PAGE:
X
Benno Muchler
March 26, 2015 3:41 PM
Beatrice Yardolo was to make history as Liberia’s last Ebola patient. Liberians recently started counting down 42 days, the period that has to go by without a single new infection until the World Health Organization can declare a country Ebola-free. That countdown stopped on March 20 when there was another new case of Ebola, making Yardolo’s story a reminder that Ebola is far from over. Benno Muchler reports from Monrovia.
Video

Video Liberia's Almost Last Ebola Patient Grateful but Still Grieving

Beatrice Yardolo was to make history as Liberia’s last Ebola patient. Liberians recently started counting down 42 days, the period that has to go by without a single new infection until the World Health Organization can declare a country Ebola-free. That countdown stopped on March 20 when there was another new case of Ebola, making Yardolo’s story a reminder that Ebola is far from over. Benno Muchler reports from Monrovia.
Video

Video Cambodian Land Grabs Threaten Traditional Communities

Indigenous communities in Cambodia's Ratanakiri province say the government’s economic land concession policy is taking away their land and traditional way of life, making many fear that their identity will soon be lost. Local authorities, though, have denied this is the case. VOA's Say Mony went to investigate and filed this report, narrated by Colin Lovett.
Video

Video US, South Korea Conduct Joint Military Exercises

The Eighth U.S. Army Division and the Eighth Republic of Korea Mechanized Infantry Division put on a well orchestrated show of force for the media this week during their joint military training exercises in South Korea. VOA’s Seoul correspondent Brian Padden was there and reports the soldiers were well disciplined both in conducting a complex live fire exercise and in staying on message with the press.
Video

Video Space Program Status Disappoints 'Last Man on the Moon'

One of the films that drew big crowds last week at the annual South by Southwest festival in Austin, Texas, tells the story of the last human being to stand on the moon, U.S. astronaut Eugene Cernan. It has been 42 years since Cernan returned from the moon and he laments that no one else has gone there since. VOA’s Greg Flakus reports.
Video

Video Young Filmmakers Shine Spotlight on Giving Back

A group of student filmmakers from across the United States joined President Barack Obama at the White House this month for the second annual White House Student Film Festival. Fifteen short films were officially selected from more than 1,500 entries by students aged 6 through 18. The filmmakers and their families then joined the president and a group of celebrities for a screening of their films. VOA’s Julie Taboh reports.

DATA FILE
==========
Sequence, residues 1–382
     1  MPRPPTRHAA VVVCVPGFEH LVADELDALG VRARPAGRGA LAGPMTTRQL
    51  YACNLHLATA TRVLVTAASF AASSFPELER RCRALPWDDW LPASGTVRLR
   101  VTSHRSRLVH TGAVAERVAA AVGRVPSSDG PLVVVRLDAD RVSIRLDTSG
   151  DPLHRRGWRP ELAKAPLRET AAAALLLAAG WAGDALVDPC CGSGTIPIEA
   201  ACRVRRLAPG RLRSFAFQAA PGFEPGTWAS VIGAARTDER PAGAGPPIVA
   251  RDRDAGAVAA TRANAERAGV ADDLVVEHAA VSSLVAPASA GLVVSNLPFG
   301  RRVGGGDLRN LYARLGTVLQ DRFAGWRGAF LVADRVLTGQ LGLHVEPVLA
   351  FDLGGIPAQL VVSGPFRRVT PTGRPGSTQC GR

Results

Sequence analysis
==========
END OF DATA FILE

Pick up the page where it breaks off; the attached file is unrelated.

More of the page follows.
Video

Video VOA Exclusive: Interview with Afghan President Ashraf Ghani

Afghan President Ashraf Ghani, during his first visit as president to Washington, gave a one-on-one interview with VOA Afghan Service reporter Said Suleiman Ashna, about his request for a change in U.S. troop levels, the threat from the Islamic State, and repairing relations with the United States and Pakistan. The interview was held at Blair House, late Sunday, in Pashto.
Video

Video California Science Center Tells Story of Dead Sea Scrolls

The ancient manuscripts were uncovered in the mid-20th century, and they are still yielding clues about life and religious beliefs in ancient Israel. As VOA's Mike O'Sullivan reports, an exhibit in Los Angeles shows how modern science is bringing the history of these ancient documents to life.
Video

Video Angelina Jolie Takes Another Bold Step

Hollywood actress and filmmaker Angelina Jolie has revealed she had her ovaries and fallopian tubes removed to lower her odds of getting cancer. Doctors say the huge publicity over her decision will help raise awareness about the importance of cancer screening. VOA’s George Putic has more

All About America

Circumventing Censorship

An Internet Primer for Healthy Web Habits

As surveillance and censoring technologies advance, so, too, do new tools for your computer or mobile device that help protect your privacy and break through Internet censorship.
More